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NSCC partners with local breweries to offer crash course on beer-making

The Halifax instalment takes place this Saturday at Garrison Brewing Company
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Garrison Brewing Company (Meghan Groff/

Beer has long been enjoyed by Canadians – nay, many people of the world – for centuries, but here in Nova Scotia, we seem to take special pride in the sacred, sudsy drink. With more and more small-batch breweries popping up around the region, the Nova Scotia Community College has hopped (pardon the pun) on the bandwagon, offering a new course to both budding brewers and beer fans alike.

The one-day workshop (“Craft Beer – A Day at the Brewery”), is put on in partnership with the Craft Beer Association of Nova Scotia, and is being offered at three locations — Garrison Brewing Company in Halifax, Saltbox Brewery in Mahone Bay, and Wayfarers’ Ale Society in Port Williams.

NSCC’s Janet Specht says it’s the first time a course of this type has been offered to the public.

“Because of the huge interest in craft beverages in Nova Scotia, NSCC has developed partnerships and courses related to the sector,” says Specht.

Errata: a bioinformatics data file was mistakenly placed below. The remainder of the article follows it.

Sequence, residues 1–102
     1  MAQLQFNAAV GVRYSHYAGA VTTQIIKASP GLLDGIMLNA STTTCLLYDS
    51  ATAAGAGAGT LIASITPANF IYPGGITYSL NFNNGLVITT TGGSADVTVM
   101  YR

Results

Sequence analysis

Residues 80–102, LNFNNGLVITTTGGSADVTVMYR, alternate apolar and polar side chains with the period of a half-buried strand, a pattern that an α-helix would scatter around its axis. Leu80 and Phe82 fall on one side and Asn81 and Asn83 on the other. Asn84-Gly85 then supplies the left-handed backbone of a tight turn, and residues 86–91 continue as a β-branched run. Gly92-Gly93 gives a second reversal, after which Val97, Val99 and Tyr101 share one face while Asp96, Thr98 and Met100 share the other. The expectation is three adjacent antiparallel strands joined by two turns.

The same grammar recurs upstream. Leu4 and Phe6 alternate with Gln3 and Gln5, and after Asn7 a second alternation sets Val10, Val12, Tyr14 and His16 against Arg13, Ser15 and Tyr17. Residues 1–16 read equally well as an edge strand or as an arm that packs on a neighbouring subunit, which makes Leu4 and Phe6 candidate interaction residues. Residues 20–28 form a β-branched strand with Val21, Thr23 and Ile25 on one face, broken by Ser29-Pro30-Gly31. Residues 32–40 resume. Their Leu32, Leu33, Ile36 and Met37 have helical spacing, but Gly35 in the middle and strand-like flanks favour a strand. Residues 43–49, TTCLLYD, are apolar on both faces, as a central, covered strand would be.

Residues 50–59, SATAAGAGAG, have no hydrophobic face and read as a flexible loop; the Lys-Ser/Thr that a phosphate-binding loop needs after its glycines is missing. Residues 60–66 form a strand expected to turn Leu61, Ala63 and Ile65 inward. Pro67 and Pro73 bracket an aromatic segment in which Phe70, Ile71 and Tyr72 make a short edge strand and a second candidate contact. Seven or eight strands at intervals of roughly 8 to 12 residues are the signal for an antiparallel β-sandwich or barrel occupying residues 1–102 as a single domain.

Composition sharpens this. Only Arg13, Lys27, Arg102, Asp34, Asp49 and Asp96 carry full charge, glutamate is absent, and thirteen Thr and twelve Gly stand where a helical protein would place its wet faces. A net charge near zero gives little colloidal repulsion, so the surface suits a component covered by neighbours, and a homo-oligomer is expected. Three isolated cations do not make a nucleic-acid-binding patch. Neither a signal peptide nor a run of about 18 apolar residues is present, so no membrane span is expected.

“It came from our working relationship with the Craft Beer Association of Nova Scotia. Boxing Rock Brewery in Shelburne had created and offered the workshop at their brewery, [and] CBANS approached NSCC requesting we offer the workshop through the college campuses throughout Nova Scotia.”

The Halifax instalment takes place this Saturday at Garrison Brewery, where registrants can expect to learn the beer-making process from start to final, fermented finish. Garrison’s director of sales, Jeff Green, says the course offers something for everyone — whether you’re a saison-ed vet, or just barley getting started.

“There’s an element of scale to our process that an aspiring brewery owner would want to experience,” says Green. “At the same time, it allows for a ‘peek behind the curtain’ for someone who is a fan of ours.”

The popularity of small-batch brewing has risen exponentially in the past few years — not just in Nova Scotia, but all over North America and beyond. 

“By the end of 2018, we will have 50 commercial breweries in Nova Scotia – that number was less than ten only five years ago,” says Green. “The surge is part of an international wave of folks turning to local, craft-brewed beer to satisfy their desire for a better tasting product that contributes money to our local economy.”

“As a leader in the Nova Scotia craft beer scene for the past 20 years, Garrison loves taking part in anything that will help grow the industry, which is why we are working with NSCC on this.”

There’s still space to enrol in this Saturday’s class in Halifax, which costs $86.00 per person. Specht says it’s open to anyone who is of legal drinking age.

“It’s intended for anyone wanting to know how craft beer is produced in Nova Scotia and who wants to get to know their local brewery.”

If you’re interested in learning more, you can visit NSCC’s Continuing Education website.

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